Judges give lessons in basic law at Shanghai schools

Updated: Jul 13, 2021 China Daily Print
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Middle school students at Yew Chung International School in Shanghai receive a law class from a local court judge on June 22.[Photo provided to China Daily]

About 50 middle school students from an international school in Shanghai received a legal class about civil and criminal laws in China conducted by local court judges on June 22.

This is the first time in the city that judges have entered an international educational institution to conduct a legal class in English, according to the Shanghai High People's Court.

During the hourlong class, Xu Li, a judge who specializes in family disputes at Changning District People's Court, talked about basic legal frameworks and knowledge of the law that may be relevant to the daily lives of the 10th-grade students at Yew Chung International School in Shanghai.

Huang Xiangqing, vice-president of the Shanghai High People's Court, says the court and the Shanghai Municipal Education Commission joined hands to initiate this program in April. To date, such classes have been held in more than 100 schools-from primary schools to senior middle schools.

"We hope to convey the ideas of respecting, obeying and safeguarding the laws and regulations to the younger generation," says Huang.

"The idea of communicating domestic laws to foreign students is to help them better understand the differences between the Chinese and foreign legal systems and practices," he adds.

During the class, Xu talked about the various forms of criminal punishment. She also introduced the Civil Code that took effect at the beginning of this year. She shared how "good Samaritan "behavior is protected by the law and that smartphone apps must not infringe upon citizen's image rights.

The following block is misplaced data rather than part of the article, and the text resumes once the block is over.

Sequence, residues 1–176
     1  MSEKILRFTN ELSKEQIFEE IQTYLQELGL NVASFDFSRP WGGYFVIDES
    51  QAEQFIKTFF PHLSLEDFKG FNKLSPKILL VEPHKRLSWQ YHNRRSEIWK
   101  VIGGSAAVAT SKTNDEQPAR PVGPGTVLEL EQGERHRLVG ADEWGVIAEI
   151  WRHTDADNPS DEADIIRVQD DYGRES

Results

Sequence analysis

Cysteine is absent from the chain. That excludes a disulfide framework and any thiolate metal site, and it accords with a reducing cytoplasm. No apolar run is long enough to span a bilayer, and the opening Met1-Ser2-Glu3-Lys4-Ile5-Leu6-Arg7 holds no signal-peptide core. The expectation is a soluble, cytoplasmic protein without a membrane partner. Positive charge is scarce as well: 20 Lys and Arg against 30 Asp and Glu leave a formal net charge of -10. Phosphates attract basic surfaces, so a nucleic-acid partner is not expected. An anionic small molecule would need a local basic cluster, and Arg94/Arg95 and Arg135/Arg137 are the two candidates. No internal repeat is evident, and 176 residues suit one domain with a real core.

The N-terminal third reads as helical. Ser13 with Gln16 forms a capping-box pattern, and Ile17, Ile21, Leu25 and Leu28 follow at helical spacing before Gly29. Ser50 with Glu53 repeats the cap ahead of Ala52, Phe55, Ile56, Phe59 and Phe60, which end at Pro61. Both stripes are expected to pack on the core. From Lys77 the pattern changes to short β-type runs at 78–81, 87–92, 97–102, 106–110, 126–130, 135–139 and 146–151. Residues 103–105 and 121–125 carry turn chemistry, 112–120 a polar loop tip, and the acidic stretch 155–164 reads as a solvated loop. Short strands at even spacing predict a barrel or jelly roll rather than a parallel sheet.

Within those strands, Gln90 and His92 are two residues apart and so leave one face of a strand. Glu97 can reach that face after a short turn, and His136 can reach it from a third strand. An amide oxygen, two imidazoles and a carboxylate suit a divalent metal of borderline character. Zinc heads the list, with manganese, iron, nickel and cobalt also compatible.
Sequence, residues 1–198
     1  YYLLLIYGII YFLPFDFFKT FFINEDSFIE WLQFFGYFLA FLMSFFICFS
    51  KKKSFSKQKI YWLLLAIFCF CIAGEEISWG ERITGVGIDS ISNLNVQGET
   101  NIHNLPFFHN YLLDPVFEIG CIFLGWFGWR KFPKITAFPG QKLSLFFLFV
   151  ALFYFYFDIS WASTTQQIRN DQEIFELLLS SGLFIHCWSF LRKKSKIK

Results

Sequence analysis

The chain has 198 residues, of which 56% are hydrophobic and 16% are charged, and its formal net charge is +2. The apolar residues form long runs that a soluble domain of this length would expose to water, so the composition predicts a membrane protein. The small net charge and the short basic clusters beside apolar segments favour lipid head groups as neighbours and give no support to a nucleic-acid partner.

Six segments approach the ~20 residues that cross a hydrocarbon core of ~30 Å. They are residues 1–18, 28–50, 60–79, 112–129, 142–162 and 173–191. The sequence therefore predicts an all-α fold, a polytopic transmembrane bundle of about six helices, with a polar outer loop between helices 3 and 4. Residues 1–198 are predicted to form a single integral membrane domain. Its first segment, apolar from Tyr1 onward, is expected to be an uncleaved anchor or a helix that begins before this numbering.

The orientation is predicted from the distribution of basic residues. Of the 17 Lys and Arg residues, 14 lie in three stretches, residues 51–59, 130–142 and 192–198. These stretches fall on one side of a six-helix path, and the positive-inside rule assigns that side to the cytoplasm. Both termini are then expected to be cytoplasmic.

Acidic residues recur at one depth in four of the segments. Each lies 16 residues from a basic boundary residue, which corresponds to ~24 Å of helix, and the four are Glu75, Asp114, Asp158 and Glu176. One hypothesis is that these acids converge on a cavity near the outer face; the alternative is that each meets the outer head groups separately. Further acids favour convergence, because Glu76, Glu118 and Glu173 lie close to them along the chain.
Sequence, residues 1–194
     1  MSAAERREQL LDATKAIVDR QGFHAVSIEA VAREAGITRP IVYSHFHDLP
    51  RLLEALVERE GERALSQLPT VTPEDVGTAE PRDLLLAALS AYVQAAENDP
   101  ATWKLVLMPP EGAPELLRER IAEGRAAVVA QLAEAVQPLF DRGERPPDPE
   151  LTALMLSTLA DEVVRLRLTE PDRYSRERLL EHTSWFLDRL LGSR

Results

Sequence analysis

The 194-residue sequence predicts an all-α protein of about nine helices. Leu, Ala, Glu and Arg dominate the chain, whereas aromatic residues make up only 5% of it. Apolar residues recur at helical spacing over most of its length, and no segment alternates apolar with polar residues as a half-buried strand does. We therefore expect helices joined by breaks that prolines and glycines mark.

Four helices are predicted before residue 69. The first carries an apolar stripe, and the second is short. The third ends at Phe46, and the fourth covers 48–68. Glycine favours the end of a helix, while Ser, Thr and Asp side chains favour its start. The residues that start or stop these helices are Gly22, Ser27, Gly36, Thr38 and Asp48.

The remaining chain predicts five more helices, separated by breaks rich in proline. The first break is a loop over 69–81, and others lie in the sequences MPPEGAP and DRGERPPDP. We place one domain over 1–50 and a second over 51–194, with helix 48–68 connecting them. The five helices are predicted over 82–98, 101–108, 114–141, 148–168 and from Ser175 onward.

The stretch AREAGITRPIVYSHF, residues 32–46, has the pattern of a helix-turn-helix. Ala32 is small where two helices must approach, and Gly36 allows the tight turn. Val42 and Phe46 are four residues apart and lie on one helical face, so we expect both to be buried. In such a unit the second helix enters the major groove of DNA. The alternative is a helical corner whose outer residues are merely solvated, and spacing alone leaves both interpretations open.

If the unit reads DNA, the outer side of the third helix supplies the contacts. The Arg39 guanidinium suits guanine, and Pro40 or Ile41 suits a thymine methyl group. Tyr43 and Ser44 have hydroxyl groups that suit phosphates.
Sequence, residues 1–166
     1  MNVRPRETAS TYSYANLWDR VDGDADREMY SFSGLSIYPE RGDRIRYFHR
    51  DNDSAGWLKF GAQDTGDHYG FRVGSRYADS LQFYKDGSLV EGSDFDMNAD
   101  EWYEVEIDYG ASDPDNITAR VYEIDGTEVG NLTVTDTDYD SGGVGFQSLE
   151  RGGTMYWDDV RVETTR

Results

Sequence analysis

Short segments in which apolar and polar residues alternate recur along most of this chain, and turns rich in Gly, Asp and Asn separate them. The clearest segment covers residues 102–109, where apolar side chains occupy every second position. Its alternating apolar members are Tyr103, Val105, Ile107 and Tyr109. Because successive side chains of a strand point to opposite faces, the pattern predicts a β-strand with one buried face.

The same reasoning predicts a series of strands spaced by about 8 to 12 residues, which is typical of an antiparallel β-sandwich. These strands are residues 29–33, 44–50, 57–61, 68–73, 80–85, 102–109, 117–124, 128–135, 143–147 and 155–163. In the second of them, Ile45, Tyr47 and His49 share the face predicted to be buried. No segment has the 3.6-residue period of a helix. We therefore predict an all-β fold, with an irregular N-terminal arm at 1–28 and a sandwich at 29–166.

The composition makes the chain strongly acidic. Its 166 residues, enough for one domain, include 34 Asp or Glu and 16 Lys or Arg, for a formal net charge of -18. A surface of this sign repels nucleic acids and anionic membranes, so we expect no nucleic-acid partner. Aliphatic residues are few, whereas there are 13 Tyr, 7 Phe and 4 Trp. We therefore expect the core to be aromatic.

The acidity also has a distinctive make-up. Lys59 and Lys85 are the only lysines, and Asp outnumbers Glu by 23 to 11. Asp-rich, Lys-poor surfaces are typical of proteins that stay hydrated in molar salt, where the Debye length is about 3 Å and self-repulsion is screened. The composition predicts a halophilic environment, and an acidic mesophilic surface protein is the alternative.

"Equality and fairness are among the fundamental philosophies of the law. But equality in law doesn't mean equality in the way different people are treated-more an equality of opportunity. The law usually leans toward vulnerable groups more to ensure that equal opportunities are available to people from different backgrounds," she says.

Xu also prepared a case study, in which one student was physically injured by another when playing sports, and encouraged the students to discuss in groups and present their viewpoints on whether the person who caused the injury should bear civil or criminal liability.

"It was a discussion with open answers. The process of comprehending the rule of law and thinking about it is more important than a result for the students," she says.

Ryan Peet, co-principal of YCIS Shanghai Puxi, says such events will help the students become better engaged in society.

"It may also serve as a career inspiration for some of them. It's a great experience and provides an exposure for the students," he says.

A 15-year-old student who calls herself Victoria, a citizen of both Italy and France, says: "The class made me become interested in learning more about legal topics and opened up the possibility of a legal career one day."

Another student who identified herself as Azalea, whose parents are from Canada and the Hong Kong Special Administrative Region, says the session was very educational and informative.

"I enjoyed the case study part in particular, as it immersed us into the argument about whether something is morally right or wrong. It turns out that there is not always a right answer," says the 15-year-old.

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